Cold stunned sea turtles being treated and released at the NC Aquarium

FORT FISHER, NC (WWAY) — Last month the Cape Fear saw several days with highs in the 40s and lows in the 20s, helping to cool the ocean water into the lower 50s.

North Carolina Aquarium Curator Julie Smith says sea turtles rely on warm water to regulate their body temperature and are greatly impacted when water temps drop.

“Occasionally we get that really cold snap happen suddenly and the turtles aren’t able to move offshore fast enough and they get what’s called cold stunned,” Smith said. “They get too cold and lethargic to move.”

The NC Aquarium currently has two juvenile sea turtles that were found bobbing near the surface last month.

Smith says younger turtles are affected more, with rehabilitation time ranging from weeks to months.

“Some turtles are just a little quiet and tired and cold and just need to be warmed up and fed,” Smith said. “Some need some medications.”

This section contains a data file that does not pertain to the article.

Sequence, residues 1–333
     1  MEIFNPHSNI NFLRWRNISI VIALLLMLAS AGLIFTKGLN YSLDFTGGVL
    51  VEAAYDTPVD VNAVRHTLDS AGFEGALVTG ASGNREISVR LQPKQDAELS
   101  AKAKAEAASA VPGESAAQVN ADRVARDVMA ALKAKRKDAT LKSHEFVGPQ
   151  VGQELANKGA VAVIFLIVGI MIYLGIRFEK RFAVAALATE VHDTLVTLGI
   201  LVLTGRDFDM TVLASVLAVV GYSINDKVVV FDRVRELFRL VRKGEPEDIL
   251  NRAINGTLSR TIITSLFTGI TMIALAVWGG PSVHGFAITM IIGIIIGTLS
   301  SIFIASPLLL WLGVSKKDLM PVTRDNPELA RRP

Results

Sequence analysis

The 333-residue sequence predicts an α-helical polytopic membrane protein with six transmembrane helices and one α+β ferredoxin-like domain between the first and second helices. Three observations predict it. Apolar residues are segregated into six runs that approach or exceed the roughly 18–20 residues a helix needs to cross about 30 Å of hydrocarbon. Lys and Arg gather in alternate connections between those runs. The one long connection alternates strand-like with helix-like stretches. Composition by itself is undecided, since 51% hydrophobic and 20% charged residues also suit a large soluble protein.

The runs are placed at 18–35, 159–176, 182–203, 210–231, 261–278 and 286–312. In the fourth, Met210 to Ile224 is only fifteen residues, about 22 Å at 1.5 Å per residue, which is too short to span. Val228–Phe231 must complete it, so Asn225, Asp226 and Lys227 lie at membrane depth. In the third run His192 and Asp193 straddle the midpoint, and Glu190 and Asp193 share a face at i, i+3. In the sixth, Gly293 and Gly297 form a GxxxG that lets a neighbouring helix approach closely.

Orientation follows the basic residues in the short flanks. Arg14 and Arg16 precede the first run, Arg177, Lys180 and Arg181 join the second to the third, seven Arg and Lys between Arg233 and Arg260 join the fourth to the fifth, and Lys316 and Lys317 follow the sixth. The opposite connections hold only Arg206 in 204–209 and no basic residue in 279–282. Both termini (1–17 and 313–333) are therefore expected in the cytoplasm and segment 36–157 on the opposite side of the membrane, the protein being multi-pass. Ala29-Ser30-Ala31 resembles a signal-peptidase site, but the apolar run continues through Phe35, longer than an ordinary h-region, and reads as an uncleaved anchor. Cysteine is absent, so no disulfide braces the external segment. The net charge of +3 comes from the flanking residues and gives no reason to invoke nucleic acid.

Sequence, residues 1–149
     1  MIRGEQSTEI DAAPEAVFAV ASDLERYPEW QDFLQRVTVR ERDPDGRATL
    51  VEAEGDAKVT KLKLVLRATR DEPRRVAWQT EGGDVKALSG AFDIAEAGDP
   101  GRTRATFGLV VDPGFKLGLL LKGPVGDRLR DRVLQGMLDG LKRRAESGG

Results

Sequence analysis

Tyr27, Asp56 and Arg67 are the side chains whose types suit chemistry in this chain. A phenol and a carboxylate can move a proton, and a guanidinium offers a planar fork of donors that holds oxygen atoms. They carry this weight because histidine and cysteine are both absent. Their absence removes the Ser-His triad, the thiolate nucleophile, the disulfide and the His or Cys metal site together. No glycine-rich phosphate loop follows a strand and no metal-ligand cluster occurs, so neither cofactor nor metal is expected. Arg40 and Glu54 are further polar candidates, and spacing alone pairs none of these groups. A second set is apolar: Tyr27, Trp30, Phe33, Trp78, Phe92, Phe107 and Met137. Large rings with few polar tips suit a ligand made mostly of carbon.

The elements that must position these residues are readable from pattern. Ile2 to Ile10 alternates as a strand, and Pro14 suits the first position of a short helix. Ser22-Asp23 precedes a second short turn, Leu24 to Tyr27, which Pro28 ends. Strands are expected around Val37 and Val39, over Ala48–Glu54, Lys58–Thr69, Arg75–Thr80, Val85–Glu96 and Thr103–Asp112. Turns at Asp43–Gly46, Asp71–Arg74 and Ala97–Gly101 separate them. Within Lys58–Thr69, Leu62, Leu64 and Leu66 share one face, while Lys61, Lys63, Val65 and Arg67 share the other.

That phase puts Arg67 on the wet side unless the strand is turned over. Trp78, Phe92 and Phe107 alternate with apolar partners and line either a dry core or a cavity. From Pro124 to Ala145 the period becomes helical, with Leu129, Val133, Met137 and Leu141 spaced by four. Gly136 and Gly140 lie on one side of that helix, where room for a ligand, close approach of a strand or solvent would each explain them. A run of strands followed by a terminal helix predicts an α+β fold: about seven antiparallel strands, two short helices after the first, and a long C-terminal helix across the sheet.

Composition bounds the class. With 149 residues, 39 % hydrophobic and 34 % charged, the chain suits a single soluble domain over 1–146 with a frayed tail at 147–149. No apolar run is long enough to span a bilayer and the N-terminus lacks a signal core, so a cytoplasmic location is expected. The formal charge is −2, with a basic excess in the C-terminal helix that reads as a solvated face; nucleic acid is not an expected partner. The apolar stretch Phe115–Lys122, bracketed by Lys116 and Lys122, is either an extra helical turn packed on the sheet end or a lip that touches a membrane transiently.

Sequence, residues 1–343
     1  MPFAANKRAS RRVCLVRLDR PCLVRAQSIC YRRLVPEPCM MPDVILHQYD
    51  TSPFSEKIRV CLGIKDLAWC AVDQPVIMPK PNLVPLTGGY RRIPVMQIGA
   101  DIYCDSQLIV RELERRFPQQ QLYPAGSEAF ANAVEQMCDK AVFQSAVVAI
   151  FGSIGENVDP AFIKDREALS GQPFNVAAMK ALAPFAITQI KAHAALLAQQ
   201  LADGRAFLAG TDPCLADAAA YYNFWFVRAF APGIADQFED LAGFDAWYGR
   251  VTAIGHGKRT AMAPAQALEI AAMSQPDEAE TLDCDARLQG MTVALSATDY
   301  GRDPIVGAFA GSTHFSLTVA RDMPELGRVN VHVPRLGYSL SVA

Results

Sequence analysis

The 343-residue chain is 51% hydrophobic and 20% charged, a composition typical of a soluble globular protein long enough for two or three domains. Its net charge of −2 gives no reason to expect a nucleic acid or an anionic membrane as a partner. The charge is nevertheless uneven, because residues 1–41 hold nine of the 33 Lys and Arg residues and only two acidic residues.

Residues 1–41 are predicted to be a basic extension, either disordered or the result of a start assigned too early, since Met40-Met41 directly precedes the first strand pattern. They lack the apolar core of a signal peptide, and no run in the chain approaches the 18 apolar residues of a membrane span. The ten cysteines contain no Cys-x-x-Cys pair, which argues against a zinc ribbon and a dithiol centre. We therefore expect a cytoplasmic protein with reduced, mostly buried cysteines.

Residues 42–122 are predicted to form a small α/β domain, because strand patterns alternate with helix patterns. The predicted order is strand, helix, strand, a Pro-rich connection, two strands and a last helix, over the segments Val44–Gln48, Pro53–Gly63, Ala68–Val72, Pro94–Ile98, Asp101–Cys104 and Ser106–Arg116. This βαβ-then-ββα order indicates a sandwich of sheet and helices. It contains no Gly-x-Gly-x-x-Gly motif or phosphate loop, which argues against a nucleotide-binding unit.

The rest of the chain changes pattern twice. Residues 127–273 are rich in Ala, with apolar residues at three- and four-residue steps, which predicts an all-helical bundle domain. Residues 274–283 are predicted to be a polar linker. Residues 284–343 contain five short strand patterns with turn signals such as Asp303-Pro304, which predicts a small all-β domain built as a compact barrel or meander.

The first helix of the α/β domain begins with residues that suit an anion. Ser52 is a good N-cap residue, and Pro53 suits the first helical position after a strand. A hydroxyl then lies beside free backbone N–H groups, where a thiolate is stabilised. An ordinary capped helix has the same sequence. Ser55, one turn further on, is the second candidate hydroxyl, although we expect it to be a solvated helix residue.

No matter how long it takes, Smith says they treat turtles until they’re ready to be released.

“At that point we are just waiting for a good opportunity to get them offshore,” Smith added. “Inshore waters are so cool they need to go out towards the Gulf Stream, which can be anywhere from 30 to 60 miles offshore or even farther depending on the time of year.”

Smith says this is a recurring problem each year but that they’ll continue to work hard to help the turtles.

She says the Aquarium has cared for dozens of turtles over the years including 2 that have been treated and released this year.

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